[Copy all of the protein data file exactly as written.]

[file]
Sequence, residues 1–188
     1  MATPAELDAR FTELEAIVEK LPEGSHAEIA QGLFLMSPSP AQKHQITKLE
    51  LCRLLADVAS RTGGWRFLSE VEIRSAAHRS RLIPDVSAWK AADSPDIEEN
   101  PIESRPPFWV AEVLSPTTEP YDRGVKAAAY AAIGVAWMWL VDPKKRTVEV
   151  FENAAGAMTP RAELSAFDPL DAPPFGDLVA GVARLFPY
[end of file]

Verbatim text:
Sequence, residues 1–188
     1  MATPAELDAR FTELEAIVEK LPEGSHAEIA QGLFLMSPSP AQKHQITKLE
    51  LCRLLADVAS RTGGWRFLSE VEIRSAAHRS RLIPDVSAWK AADSPDIEEN
   101  PIESRPPFWV AEVLSPTTEP YDRGVKAAAY AAIGVAWMWL VDPKKRTVEV
   151  FENAAGAMTP RAELSAFDPL DAPPFGDLVA GVARLFPY